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How is the work quality at Blizzard as a developer?
49 points by johnlevenstein on Oct 26, 2015 | hide | past | favorite | 23 comments
How is the work environment at Blizzard and what challenges are you facing there? I wanted to apply 2 years ago but then I gave up cause someone told me it's not what everyone expects.


> someone told me

The problem, ultimately, is that every place is made up of people. People are fallible, limited, and not gods. They're just people. They have to eat and sleep. They like having interpersonal relationships. Sometimes they're jerks.

When I joined Microsoft as an intern in the Mac Business Unit back in 2002, my biggest surprise was that the people I worked with—the first real software engineering organization I'd ever been exposed to—were just people. They weren't perfect, and sometimes they got grumpy when a certain over-enthusiastic 19 year old wouldn't shut up.

Anyway, back to your question: Blizzard is probably an interesting place to work. They maintain the biggest(?) MMORPG, they have a huge amount of history, and I expect having a role at Blizzard on your résumé looks great. But, since it is the games industry, you should probably expect endless death marches, crappy pay, and incredible amounts of churn in between projects.

tl;dr: check Glassdoor and see what employees have to say. If you have unreasonable expectations about a workplace, you will be disappointed.

I would also add that a largish company isn't one place, it is many smaller places that only looks the same from outside.

Once you're past that 150 number or so, you will have multiple cultures and environments. There will be the small hot next thing, the big incumbent, the team everyone is waiting on, the hasbeens, the guys in the corner no one knows what they're doing, the guys everyone has to work with even though no one knows why, etc. Some traits will be the same, but environment varies a lot.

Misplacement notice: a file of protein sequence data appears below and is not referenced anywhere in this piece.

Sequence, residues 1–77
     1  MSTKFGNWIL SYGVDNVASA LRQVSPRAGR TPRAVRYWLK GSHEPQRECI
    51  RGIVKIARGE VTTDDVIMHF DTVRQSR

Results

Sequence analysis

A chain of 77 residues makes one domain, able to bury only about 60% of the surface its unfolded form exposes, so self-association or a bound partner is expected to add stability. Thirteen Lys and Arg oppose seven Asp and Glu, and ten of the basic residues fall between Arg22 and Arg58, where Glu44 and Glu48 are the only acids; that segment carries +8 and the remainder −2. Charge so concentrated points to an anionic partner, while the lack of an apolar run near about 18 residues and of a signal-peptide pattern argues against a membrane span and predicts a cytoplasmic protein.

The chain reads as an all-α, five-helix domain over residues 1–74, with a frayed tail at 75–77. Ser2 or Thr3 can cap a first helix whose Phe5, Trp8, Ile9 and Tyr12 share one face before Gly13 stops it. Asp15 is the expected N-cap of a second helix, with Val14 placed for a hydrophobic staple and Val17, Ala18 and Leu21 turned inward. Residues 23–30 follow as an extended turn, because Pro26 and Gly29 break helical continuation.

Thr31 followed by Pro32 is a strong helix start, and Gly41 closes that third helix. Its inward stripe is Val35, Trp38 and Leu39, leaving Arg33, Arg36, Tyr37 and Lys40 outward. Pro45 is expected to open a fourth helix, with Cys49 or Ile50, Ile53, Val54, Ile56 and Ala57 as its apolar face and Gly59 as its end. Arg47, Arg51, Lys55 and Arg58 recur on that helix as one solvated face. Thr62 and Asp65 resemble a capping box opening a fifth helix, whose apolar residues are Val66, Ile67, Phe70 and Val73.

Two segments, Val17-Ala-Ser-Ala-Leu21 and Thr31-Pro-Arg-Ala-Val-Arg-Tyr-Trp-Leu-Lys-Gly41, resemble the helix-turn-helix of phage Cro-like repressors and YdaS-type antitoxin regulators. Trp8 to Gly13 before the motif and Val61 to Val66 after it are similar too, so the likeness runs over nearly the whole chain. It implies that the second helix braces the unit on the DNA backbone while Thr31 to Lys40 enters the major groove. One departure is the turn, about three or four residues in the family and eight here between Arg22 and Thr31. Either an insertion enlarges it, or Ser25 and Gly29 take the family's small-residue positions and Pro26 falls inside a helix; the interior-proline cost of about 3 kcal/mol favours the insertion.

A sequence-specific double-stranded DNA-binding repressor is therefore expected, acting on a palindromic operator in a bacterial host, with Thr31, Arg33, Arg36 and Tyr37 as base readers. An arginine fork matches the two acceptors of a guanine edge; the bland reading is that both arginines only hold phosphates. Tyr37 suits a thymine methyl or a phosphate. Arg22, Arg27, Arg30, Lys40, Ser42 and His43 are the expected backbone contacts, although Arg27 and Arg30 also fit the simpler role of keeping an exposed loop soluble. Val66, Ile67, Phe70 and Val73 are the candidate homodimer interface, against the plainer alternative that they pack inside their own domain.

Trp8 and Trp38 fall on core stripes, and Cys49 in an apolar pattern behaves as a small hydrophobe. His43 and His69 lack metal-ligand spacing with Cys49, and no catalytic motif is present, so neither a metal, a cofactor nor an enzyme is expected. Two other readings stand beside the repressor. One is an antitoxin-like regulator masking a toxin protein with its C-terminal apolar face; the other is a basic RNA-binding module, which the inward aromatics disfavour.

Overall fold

See recent discussions on Amazon for instance. Some people disagree completely on their experience.

Relevant (explanation of "150"): https://en.wikipedia.org/wiki/Dunbar%27s_number

This is so true. I live in Seattle, and the diverse set of answers I hear from Amazon employees on what it's like to work there are profound. Ranging from a guy I know at AWS, who literally said, "I don't know anyone who works more than 45 hours a week", to a coworker who told me that he worked 4 months straight of 80 hour weeks.

I checked some websites but I was interested in a more personal view from someone working there or who worked there for some time. Sure it's all happiness on social networks but inside is different. Maybe Blizzard employees don't come here often.

One thing to keep in mind is that employers in 'creative' (film, games, etc) industries often treat their tech employees worse than employers whose main source of income is the tech itself. I haven't worked at Blizzard specifically, but I've spent time at other game shops and VFX shops, and my experience is that you are expected to work for longer hours and for lower paychecks than your friends writing REST apps for web oriented startups (let alone established players like Google, Facebook, or even Apple).

Are you interested in Blizzard because you only see yourself developing games and games alone? Are you interested in graphics and '3D math' and find Blizzard appealing because they need those skills? Will you be happy being a 'tech' employee without the tech paycheque?